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Authors: Brett J. Talley

The Void

BOOK: The Void
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Table of Contents

Prologue

Chapter 1

Chapter 2

Chapter 3

Chapter 4

Chapter 5

Chapter 6

Chapter 7

Chapter 8

Chapter 9

Chapter 10

Chapter 11

Chapter 12

Chapter 13

Chapter 14

Chapter 15

Chapter 16

Chapter 17

Chapter 18

Chapter 19

Chapter 20

Chapter 21

Chapter 22

Chapter 23

Chapter 24

Chapter 25

Chapter 26

Chapter 27

Chapter 28

Epilogue

 

 

 

 

The

Void

 

 

 

 

By

Brett J. Talley

 

 

 

 

 

 

 

 

 

JournalStone

San Francisco

 

 

 

Copyright ©2012 by Brett J. Talley

 

All rights reserved. No part of this book may be used or reproduced by any means, graphic, electronic, or mechanical, including photocopying, recording, taping or by any information storage retrieval system without the written permission of the publisher except in the case of brief quotations embodied in critical articles and reviews.

This is a work of fiction. All of the characters, names, incidents, organizations, and dialogue in this novel are either the products of the author’s imagination or are used fictitiously.

JournalStone books may be ordered through booksellers or by contacting:

 

JournalStone

199 State Street

San Mateo, CA 94401

www.journalstone.com

 

The views expressed in this work are solely those of the authors and do not necessarily reflect the views of the publisher, and the publisher hereby disclaims any responsibility for them.

 

ISBN:  978-1-936564-43-9 (sc)

ISBN: 978-1-936564-44-6 (hc)

ISBN: 978-1-936564-45-3 (ebook)

Library of Congress Control Number:  2012935828

 

Printed in the United States of America

JournalStone rev. date: July 13, 2012

 

Cover Design: Denise Daniel

Cover Art: Philip Renne

Edited By: Elizabeth Reuter

 

 

 

Introduction

 

 

“What Dreams May Come”: An Introduction to Brett Talley’s
The Void.

 

By

Dr. Michael R. Collings,

Author of
The Slab, The House Beyond the Hill,
and other tales of wonder and fear.

 

When I was first approached to write an introduction to Brett Talley’s new novel,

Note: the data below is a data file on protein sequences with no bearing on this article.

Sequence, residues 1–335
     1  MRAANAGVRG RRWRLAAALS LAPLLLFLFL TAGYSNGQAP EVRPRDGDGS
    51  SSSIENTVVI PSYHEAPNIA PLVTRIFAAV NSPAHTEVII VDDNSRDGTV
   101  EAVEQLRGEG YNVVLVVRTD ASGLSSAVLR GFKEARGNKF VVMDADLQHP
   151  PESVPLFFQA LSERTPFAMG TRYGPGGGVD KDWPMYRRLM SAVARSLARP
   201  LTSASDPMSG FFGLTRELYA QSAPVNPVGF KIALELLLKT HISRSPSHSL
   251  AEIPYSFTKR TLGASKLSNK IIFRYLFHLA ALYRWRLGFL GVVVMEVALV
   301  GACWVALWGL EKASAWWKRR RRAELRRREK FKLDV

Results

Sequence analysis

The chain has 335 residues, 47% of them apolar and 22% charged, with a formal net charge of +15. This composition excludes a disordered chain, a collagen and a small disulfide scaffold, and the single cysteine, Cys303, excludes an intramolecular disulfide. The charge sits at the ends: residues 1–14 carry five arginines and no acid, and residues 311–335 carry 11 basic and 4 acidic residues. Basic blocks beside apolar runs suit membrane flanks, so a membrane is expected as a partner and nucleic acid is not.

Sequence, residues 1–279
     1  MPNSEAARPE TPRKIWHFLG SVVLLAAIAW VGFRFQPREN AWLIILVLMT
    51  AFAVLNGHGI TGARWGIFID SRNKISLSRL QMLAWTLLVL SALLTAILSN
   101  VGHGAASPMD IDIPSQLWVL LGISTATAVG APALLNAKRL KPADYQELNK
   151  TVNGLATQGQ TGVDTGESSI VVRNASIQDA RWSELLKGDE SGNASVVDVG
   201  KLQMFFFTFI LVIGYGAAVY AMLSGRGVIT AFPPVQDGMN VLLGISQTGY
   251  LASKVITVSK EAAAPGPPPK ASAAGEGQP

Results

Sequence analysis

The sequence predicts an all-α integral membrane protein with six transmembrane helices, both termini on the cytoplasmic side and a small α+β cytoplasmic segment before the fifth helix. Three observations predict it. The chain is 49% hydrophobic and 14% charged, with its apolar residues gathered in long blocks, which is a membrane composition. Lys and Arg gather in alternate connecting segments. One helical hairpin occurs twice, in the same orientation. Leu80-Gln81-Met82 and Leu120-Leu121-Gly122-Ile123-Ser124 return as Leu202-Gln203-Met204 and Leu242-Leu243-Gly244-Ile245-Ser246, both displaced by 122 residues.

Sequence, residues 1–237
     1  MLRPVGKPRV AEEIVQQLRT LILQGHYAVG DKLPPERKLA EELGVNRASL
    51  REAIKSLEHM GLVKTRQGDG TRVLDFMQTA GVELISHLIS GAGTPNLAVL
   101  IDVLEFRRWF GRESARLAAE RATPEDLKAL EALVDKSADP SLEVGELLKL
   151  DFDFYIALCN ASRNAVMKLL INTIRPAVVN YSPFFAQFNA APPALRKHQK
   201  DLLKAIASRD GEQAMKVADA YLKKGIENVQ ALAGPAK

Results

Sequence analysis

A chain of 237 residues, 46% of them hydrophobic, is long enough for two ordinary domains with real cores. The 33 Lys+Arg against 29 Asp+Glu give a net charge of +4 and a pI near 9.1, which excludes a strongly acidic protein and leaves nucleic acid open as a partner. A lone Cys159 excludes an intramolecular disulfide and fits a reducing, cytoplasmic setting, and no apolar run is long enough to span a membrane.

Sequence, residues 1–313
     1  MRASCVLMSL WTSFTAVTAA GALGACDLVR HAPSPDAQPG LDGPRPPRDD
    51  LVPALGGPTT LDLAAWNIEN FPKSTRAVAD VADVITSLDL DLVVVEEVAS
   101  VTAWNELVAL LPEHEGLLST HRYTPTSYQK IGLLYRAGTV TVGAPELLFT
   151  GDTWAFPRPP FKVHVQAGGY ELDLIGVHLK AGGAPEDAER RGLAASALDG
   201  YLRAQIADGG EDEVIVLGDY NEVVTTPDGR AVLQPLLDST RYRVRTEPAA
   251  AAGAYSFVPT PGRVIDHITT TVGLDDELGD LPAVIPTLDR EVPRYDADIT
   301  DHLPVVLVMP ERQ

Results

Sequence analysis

The Void,
I had two reactions.

First, I felt an immediate sense of… well, of
inevitability.
After all, a little over two years ago, I had published
In the Void: Poems of Science Fiction, Myth and Fantasy, & Horror
(Wildside, 2009), and here was a new opportunity to explore the mysteries of that fascinating, that frightening place. Since my expedition had been by way of poetry, surely Talley’s prose would introduce new possibilities… and perhaps new terrors.

Second, I had already met Talley’s work through the mediation of his first novel, the Bram Stoker Award-nominated
That Which Should Not Be
(JournalStone, 2011), a more-than-creditable H. P. Lovecraft
pastiche
that brought new life to conventions long considered stale and passé. The book had not only captured the essence of the Lovecraftian Chtulhu mythos in its quartet of tales-within-a-tale but did so with sufficient ease to allow loving sidelong glances not only at Lovecraft’s typical people, places, and things but also at suggestions of Bram Stoker, H. G. Wells, and other fantasists. Reading it had been, in fact, a delight.

So, of course, I agreed. Who could pass up an opportunity to enter the unknown with an author who had already demonstrated not only his capacity as a writer but his mastery of his craft?

Then I read the first line of
The Void
: June 18, 2159.

What’s this? The
future
? Where is the darkness, the mystery, the horror?

This sounds like
Science-fiction,
which, though I enjoy and appreciate it, is not what I anticipated from Talley.

But I had agreed, so I continued reading.

Wise choice.

The Void
is
science-fictional. It takes place in the near-future, in a universe in which star travel has become possible through the invention of a warp drive that, triggered near the outer reaches of the Solar System, enables ships to move almost instantly to distant stars, systems, and quadrants. Earth’s entire economy—and, of course, the economies of all of the colony worlds—has become dependent upon the new technology. As a result, star flight has become so commonplace as to become almost mundane.

 

Almost….

 

Because there is one, small—infinitesimally small, actually—problem. To pass through the warp and remain sane, passengers and crew must all submit to a stasis-sleep… and in that sleep, come the Dreams.

Everyone has them, without exception. For each individual the Dream is always the same, no matter how often the dreamer enters stasis. More than that, the Dream remains with the dreamer, upon waking, haunting, pervasive, foreshadowing images that must inevitably recur the next time, on the next flight.